Hello and thanks for the information
As divorce proceedings have been issued, either one of you can apply to court to decide how the assets should be divided, if you cannot reach agreement - but as going to court is stressful, time-consuming and expensive, to be avoided if at all possible. If you and your husband can reach agreement, you can turn that agreement into a legally-binding agreement called a consent order, without having to attend court, if the court approves the agreement that you have reached as being fair to both of you.
To negotiate, both of you need to give the other full details of all your ifnancial circumstances. If there was a contested court case, your husband would have to provide the last two years of his accounts, so his income would then become clear, so you are entitled to ask for that information now. You can negotiate either between the two of you, or via solicitors' correspondence, or via mediation. The family court anyway now requires the parties to have attempted mediation before it will consider an application to court. Here's where to find a local family medition service:-
The court starts from the position that the assets should be divided 50:50 - unless there are good reasons why not - such as one person having a significantly lower income than the other, and/or providing a home for dependent children, then they could argue for a greater than 50% share. In your case, you do have a good argument to be given credit for - at the very least - the capital element of the mortgage repayments you have made over the past 8 years. And of course it is worth arguing that the whole amount should be taken into account, not just the capital element.
I am not clear from what you say whether your husband's private pension of £7,000 is a pension he actually receives, or is a pension pot for when he retires. If a pension pot, it is probably too small to be taken into account, and is not easily realisable. If an income that he receives now, on its own, it puts both of you at a very similar low level. If he does have another income from self-employment, then he might have a much larger income than you in total. It's also relevant whether he has bought another property since you separated, because that also counts as a matrimonial asset, and therefore the equity in that property to be added to the total value of all the assets to be divided between you.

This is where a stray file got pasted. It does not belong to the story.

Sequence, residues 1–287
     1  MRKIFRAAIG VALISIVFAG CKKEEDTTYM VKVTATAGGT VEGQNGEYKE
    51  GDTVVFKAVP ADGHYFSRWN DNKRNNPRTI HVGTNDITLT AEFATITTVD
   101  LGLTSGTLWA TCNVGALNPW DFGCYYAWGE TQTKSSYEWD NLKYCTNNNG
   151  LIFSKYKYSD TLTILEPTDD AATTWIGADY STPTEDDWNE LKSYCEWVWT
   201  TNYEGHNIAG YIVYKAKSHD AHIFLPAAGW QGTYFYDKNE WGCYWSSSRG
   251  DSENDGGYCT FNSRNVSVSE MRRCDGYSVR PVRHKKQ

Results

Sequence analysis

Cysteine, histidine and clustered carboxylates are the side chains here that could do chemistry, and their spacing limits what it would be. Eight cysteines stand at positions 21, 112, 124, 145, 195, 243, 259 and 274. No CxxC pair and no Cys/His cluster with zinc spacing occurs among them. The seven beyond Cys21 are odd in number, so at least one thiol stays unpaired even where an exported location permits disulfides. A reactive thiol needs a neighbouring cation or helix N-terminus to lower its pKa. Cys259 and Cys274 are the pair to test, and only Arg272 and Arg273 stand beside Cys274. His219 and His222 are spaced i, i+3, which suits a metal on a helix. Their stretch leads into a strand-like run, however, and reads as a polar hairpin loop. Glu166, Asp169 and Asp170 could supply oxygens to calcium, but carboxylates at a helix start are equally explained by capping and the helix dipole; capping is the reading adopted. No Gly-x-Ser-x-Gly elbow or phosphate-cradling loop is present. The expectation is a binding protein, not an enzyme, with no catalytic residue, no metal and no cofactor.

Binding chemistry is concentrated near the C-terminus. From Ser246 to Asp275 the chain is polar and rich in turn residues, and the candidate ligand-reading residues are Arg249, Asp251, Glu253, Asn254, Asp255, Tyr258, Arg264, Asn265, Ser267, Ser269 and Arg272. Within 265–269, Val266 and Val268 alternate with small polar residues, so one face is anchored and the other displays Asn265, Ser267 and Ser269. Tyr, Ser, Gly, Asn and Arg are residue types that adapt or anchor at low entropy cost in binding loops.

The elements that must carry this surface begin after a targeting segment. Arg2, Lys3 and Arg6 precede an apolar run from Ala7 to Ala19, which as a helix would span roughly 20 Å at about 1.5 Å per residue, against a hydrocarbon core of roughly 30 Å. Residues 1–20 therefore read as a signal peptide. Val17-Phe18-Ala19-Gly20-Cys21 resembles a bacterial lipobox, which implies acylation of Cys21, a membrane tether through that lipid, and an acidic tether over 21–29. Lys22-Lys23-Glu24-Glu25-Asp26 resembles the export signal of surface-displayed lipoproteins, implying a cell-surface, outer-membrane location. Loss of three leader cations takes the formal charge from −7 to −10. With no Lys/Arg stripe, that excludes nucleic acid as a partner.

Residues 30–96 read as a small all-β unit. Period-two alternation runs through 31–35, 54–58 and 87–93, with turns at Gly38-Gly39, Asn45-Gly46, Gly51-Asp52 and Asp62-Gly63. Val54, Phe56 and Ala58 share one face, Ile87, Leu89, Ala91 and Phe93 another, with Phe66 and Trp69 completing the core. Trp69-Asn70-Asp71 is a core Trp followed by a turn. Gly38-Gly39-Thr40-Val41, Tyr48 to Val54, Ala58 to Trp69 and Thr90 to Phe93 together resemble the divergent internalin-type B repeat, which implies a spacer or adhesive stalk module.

If the whole amount that you have paid in mortgage payments since separation is deemed not to be a matrimonial asset, then the amount to be divided between you is £230,000 - £85,000 - £57,000 = £88,000. Therefore to buy him out, and have the house transferred into your sole name, you would need to offer him at least £44,000. Is there any way that you could raise a sum close to that? There is a risk that to settle the case, you might have to look at selling the house, so that you can pay him out of the net sale proceeds. .You might need to look at local estate agents and see what you could buy for around £100,000. I'm sorry to give you bad news, but unless your husband has other substantial assets, I don't think that £10,000 is a realistic offer to settle. BUT this is a very brief conversation we've had here,so I would strongly advise you to get some face-to-face legal advice - here's where to find a specialist family law solicitor:
I hope this helps and I wish you the best of luck.
Thanks and best wishes...